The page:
NATO | Wilson Center

NATO

NATO: Past and Present

In 2019 NATO marks the seventieth anniversary of its founding. Created as a bulwark against perceived Soviet expansionism, NATO became a fixture of the European security landscape, one that anchored the United States in Europe and formed the institutional framework for political and military cooperation between Washington and its Western European allies. NATO helped keep Western Europe secure, democratic, and prosperous through the Cold War years. The end of the Cold War presented the Transatlantic alliance with a new set of challenges.

Call for Papers - NATO: Past and Present

Yalta European Strategy Meeting: Lurking Uncertainty in the Midst of “Next Generation of Everything”

BY NIKOLAS KOZLOFF

Ukraine Between Realism and Liberalism: Avoiding The Trap of “Finlandization”

BY ARTEM GERGUN

The term “Finlandization” is making a comeback as a way to describe how Ukraine, delicately poised between East and West, might handle international relations. The term refers to the limitations of Finland's foreign policy during the Cold War and is generally considered pejorative. It has received increasing attention as Russian president Vladimir Putin has made plain that Kyiv’s membership in NATO is incompatible with his regime’s conception of Russian security interests.

NATO and the Women, Peace and Security Agenda: A Conversation with Clare Hutchinson

The nexus of women, peace, and security is gaining notice worldwide as a critical dynamic in international security policy. As this conversation continues, key international organizations, including NATO, are placing greater emphasis on integrating gender considerations in the execution of international military and diplomatic actions.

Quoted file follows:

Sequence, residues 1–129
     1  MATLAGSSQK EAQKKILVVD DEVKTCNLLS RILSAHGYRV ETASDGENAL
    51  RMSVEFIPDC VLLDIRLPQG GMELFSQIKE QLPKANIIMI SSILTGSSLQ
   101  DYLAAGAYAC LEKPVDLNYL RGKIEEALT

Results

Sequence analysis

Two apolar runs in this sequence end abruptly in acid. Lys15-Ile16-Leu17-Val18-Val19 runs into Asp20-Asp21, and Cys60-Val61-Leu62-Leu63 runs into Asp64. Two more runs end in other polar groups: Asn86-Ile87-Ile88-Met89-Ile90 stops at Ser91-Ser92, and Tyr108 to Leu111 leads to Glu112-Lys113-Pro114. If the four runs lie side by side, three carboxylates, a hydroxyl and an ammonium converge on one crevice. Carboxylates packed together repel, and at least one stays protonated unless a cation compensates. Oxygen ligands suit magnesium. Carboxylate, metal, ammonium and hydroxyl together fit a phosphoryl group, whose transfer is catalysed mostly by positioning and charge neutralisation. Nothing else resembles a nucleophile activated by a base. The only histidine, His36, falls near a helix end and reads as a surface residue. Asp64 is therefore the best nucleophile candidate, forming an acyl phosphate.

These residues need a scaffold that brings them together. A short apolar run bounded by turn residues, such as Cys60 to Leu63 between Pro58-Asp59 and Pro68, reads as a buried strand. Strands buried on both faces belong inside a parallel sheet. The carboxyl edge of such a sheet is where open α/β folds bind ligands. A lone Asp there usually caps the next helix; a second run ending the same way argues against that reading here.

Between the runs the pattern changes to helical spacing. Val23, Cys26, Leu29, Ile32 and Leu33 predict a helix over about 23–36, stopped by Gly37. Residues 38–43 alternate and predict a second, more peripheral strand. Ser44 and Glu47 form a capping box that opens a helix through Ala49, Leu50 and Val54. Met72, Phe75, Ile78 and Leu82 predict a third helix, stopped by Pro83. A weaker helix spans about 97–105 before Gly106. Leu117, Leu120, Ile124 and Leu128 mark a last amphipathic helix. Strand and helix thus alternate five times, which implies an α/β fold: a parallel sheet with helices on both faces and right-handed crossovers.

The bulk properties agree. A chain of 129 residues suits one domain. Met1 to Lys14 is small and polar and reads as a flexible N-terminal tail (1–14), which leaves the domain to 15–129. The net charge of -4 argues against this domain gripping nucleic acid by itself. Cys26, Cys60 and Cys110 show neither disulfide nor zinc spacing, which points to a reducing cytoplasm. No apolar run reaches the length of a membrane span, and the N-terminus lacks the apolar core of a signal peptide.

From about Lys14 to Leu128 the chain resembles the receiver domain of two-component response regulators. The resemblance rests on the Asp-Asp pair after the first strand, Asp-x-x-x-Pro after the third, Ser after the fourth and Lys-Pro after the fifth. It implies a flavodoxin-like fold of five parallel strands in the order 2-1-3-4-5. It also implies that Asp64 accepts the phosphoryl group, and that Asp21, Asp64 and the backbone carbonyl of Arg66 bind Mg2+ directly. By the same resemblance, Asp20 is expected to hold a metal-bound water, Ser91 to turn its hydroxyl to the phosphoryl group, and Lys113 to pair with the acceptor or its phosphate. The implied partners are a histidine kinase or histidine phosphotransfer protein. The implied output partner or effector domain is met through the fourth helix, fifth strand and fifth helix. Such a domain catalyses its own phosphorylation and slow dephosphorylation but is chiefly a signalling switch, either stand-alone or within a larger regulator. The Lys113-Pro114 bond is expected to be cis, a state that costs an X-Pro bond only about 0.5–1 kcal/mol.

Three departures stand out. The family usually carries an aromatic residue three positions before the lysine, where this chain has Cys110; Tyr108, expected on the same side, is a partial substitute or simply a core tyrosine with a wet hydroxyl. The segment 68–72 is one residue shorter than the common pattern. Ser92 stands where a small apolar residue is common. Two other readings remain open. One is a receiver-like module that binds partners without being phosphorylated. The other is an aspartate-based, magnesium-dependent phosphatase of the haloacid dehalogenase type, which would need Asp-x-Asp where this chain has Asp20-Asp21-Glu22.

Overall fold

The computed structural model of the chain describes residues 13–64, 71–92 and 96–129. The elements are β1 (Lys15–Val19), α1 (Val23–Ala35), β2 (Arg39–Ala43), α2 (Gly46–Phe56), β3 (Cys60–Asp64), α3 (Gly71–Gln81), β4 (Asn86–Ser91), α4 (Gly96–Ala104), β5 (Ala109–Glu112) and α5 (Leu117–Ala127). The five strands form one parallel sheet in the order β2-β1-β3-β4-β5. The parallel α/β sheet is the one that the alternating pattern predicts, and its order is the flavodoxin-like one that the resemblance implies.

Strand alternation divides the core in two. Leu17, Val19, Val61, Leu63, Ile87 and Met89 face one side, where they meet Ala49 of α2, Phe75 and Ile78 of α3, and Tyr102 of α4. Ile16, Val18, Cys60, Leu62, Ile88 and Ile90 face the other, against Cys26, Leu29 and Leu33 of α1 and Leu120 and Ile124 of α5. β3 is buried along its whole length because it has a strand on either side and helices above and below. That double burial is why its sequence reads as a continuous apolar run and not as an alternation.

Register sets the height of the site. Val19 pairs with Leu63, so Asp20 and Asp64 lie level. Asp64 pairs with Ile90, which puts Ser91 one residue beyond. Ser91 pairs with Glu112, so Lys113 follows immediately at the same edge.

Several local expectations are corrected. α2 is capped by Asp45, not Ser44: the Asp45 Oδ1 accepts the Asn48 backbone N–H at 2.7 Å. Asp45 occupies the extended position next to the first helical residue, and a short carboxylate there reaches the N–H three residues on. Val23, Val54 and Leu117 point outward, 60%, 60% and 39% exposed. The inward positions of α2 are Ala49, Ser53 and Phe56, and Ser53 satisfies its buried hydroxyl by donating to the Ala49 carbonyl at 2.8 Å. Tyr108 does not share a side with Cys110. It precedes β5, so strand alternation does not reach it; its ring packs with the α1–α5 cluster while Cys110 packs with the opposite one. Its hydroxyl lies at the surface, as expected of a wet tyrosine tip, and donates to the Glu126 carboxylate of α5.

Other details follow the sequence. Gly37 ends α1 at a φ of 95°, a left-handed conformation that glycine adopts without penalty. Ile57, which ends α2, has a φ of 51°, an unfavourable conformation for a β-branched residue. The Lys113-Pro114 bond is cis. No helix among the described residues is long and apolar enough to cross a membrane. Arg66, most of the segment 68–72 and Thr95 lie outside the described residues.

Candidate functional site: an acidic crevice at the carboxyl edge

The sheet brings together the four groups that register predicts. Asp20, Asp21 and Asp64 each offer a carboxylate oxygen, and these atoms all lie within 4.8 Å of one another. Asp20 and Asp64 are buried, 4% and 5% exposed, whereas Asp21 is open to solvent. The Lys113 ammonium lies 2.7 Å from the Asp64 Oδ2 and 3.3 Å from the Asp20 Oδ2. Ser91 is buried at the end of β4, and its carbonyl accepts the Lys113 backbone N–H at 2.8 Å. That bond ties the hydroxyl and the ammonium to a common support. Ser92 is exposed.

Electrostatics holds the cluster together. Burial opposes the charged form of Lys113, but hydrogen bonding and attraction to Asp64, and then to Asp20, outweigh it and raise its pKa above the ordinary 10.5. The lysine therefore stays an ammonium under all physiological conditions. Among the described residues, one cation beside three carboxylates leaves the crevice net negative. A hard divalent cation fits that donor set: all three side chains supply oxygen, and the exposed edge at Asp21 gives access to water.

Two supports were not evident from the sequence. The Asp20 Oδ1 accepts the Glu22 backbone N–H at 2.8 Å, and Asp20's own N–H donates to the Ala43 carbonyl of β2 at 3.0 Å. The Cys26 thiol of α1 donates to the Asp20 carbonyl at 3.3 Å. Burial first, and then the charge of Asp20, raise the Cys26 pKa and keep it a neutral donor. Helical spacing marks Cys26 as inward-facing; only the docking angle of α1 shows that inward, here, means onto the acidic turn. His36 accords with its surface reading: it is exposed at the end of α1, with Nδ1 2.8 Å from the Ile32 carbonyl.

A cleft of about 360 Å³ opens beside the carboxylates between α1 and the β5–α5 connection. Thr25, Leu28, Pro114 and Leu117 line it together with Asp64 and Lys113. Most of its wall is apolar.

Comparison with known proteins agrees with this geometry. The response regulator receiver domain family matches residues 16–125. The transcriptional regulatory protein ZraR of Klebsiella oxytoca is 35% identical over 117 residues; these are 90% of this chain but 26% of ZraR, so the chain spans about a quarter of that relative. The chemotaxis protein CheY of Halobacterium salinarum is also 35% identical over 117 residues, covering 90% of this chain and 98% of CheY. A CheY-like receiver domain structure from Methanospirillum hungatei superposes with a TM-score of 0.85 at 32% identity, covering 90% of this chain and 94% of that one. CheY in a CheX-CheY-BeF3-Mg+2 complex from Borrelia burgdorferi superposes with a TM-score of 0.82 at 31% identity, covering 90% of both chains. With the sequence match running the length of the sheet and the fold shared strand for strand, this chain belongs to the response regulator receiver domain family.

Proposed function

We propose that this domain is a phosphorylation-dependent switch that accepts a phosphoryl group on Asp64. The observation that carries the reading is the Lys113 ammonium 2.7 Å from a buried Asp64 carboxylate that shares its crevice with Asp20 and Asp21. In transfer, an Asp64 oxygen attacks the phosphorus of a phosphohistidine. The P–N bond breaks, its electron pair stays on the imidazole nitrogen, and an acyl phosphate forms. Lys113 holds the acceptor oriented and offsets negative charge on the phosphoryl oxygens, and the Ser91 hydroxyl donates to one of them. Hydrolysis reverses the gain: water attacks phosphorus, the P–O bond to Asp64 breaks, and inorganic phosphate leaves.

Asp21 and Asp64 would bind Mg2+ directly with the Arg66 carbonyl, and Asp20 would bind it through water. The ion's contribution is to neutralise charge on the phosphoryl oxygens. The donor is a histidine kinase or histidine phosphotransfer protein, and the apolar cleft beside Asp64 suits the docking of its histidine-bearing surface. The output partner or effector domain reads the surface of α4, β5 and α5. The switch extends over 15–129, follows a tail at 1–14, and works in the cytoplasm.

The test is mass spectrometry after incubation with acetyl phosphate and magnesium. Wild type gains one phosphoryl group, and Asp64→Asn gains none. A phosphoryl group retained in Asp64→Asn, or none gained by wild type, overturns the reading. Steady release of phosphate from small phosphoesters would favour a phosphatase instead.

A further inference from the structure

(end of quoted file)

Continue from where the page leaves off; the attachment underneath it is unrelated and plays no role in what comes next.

East-Central Europe’s “Galactic” Imagining of Post-Soviet Security

Many politicians, diplomats, and analysts in East-Central Europe imagine their region as being divided into two planets, one with EU and NATO member countries, the second with all the rest. This reflexive view leads to widespread denial of some plain geographic facts about, and the resulting security challenges for, NATO’s eastern member states. The surprisingly common “galactic” misperception of European geopolitics is a major reason for the continuing persistence of the post-Soviet institutional gray zone between Russia and the West.

Advisory Board Member Kay Bailey Hutchison Confirmed as U.S. Ambassador to NATO

The Mexico Institute of the Wilson Center is pleased to congratulate the Honorable Kay Bailey Hutchison on her confirmation as U.S. Ambassador to NATO. In this role, Hutchison will represent the United States at NATO headquarters in Belgium. 

Pages